REVIEW: Disturbing tale of how Boeing flew without wings

Boeing workers and VIPs surround the first 737 MAX jet to roll out in Renton, Wash., in 2015.  PHOTO | Boeing

Be they a frequent flyer or someone clocking up their first air miles, it is normal to be sufficiently concerned whenever a plane accelerates down the runway for take-off. When Ethiopian Airlines Flight 302 set off on what was hoped to be a routine journey from Addis Ababa to Nairobi, the aircrew—that was meticulous in reviewing even the smallest details—didn’t expect to be thrown off its tail. 
Yet, barely seconds into the flight, Yared Getachew and Ahmednur Mohammed knew that something had gone awry. The control column reverberated in Getachew’s hands. Soon the dashboard flashed altitude and airspeed warnings, showing the captain and first officer that something of the gravest nature had occurred. 

“Getachew reported a ‘flight control problem’ to the tower. Then the nose pitched down,” Peter Robison describes in breathless detail events leading up to the March 10, 2019, crash in his powerful, if unsettling, book, Flying Blind: The 737 MAX tragedy and the fall of Boeing. “The angle-of-attack vane on the captain’s side was reporting to the flight control computer that the jet was ascending at an almost-vertical seventy-five degrees sixty degrees higher than the gentler, routine climb out that was actually taking place.”

In the suspenseful exposé, Robison reveals that the young aircrew (both were aged under 30) knew straightaway that the Manoeuvring Characteristics Augmentation System or MCAS malfunction was eerily similar to the Lion Air Flight 610 that plunged into the Java Sea on October 29, 2018. While the two aircrews differed in their knowledge of the upheavals at hand (the Flight 302 aircrew hollered “left alpha vane!” almost in unison), the outcomes were the same. 
The steep nose-down angle plunge of the Lion Air Flight 610 claimed all 189 passengers and crew 13 minutes after takeoff. Flight 302 vanished off the radar six minutes after takeoff. Amongst the 157 fatalities was Christine Alalo, a commissioner with the Uganda Police Force, who was 11 days shy of turning 49.

Boeing workers and VIPs surround the first 737 MAX jet to roll out in Renton, Wash., in 2015.  PHOTO | Boeing

Besides the ill-fated Lion Air and Ethiopian Airlines aircrafts being Boeing 737 MAX 8s, Robison—an investigative journalist with Bloomberg—clinches his argument about a century-old behemoth of the aviation industry flying blind by pointing out a profoundly broken corporate culture. Displaying a lawyerly command of facts, the evidence he adduces is oftentimes deeply disturbing. 
Robison’s page-turner is terrifying in its controlled weighty study of Boeing’s propensity to choose profit over quality. His blow-by-blow account of how Boeing—in cahoots with regulators at the Federal Aviation Administration or FAA—came to the conclusion that its pilots could do without hours of flight simulator training for the MAX 8 is as cringeworthy as it is intriguing.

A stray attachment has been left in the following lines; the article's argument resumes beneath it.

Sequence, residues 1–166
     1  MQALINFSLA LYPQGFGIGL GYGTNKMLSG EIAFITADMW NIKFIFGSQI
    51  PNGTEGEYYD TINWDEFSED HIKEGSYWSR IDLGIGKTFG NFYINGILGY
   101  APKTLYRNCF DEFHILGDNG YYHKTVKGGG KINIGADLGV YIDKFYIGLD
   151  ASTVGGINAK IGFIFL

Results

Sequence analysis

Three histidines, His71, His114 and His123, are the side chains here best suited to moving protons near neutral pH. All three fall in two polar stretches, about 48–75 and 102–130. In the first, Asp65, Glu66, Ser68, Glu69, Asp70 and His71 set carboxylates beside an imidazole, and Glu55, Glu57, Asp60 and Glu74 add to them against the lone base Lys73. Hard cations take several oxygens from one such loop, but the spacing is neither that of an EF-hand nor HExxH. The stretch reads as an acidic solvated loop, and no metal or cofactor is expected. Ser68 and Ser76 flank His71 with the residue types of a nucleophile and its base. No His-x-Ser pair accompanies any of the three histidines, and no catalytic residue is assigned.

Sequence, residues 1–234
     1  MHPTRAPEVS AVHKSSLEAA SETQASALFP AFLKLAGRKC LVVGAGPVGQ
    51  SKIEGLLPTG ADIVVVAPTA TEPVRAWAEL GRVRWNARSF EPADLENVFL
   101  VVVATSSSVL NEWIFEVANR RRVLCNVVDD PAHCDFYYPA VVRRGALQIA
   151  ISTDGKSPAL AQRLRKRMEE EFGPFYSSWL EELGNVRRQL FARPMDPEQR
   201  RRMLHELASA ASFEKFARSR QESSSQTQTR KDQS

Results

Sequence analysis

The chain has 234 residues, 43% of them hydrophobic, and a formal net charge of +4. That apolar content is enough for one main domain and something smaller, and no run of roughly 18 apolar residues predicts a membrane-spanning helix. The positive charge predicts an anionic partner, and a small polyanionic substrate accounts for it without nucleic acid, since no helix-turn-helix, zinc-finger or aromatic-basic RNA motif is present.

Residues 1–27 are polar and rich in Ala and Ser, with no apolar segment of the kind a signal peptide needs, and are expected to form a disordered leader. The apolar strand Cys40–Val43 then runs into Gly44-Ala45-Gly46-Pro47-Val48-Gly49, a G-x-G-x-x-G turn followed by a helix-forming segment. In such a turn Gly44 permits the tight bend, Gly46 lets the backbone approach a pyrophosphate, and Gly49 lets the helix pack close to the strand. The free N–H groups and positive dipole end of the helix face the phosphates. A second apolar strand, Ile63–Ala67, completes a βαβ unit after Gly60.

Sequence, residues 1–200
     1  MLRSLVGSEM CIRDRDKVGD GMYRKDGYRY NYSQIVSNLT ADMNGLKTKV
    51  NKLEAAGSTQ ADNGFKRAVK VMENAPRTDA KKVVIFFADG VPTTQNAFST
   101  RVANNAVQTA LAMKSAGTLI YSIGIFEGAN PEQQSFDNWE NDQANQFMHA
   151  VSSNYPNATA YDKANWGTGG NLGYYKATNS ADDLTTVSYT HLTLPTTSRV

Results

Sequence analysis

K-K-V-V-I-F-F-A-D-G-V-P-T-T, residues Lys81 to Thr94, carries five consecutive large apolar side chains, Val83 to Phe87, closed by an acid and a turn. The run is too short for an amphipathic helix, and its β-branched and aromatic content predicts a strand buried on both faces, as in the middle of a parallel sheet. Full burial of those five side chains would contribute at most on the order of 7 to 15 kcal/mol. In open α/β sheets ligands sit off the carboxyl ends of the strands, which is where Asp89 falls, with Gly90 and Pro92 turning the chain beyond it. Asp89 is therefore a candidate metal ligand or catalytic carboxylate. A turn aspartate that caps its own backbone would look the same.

“Paying for pilots, maintenance, and cabin crews, plus all of the training needed to operate aircraft safely, comes to 20 percent of an airline’s operating budget—more than is spent on fuel,” he writes, adding, “ It was in the aircraft manufacturer’s and the airline’s short-term financial interests, then, to keep the burden of simulation training to a minimum.”
A simulator would have, Robison opines, conveyed the sense of helplessness that Captain Getachew and First Officer Mohammed were condemned to on Flight 302. Robison hypothesises that if their 4,327 flight hours logged on a 737 didn’t help them crack a puzzle so fiendishly complex, as indeed was the case on March 10, 2019, “the instructor would have calmly stopped the demonstration and explained the trim wheel, how they needed to make sure to slow down and neutralise the forces first.” 

Shorn of the MAX simulator training, the pilots—for all intents and purposes—flew blind on March 10, 2019. Describing the opportunity cost Boeing fat cats entertained, one observer colourfully held that: “It’s like swapping fries for boiled potatoes.” 
Robison also digs into the annals to show how “holding the purse strings as tightly as ever” produced costly errors intended “to save valuable interior cargo space” such as “a door [on the DC-10 plane] that opened outward.” In March of 1974, all 346 people aboard a DC-10 died when “an explosion blew out the cargo door …” 

After a number of close shaves, the FAA had been convinced—rather remarkably—that adding a support plate to the door would suffice. It didn’t. Of course. This and other anecdotes about how authorities seemed tone-deaf to concerns around vulnerability of plane parts to fatigue can prove to be quite discomforting. Such is the penetrating insight of this page-turner that when a reader flips the last page, it dawns on them that getting a seat at the overwing exit is not the only troubling thing when you jump onto a plane. A Boeing 737 at that.

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